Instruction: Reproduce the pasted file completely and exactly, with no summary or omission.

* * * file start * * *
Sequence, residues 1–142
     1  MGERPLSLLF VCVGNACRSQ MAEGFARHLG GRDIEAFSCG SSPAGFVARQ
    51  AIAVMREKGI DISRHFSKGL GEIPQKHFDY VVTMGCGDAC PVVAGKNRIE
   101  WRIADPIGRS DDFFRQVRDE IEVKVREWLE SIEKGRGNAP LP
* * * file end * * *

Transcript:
Sequence, residues 1–142
     1  MGERPLSLLF VCVGNACRSQ MAEGFARHLG GRDIEAFSCG SSPAGFVARQ
    51  AIAVMREKGI DISRHFSKGL GEIPQKHFDY VVTMGCGDAC PVVAGKNRIE
   101  WRIADPIGRS DDFFRQVRDE IEVKVREWLE SIEKGRGNAP LP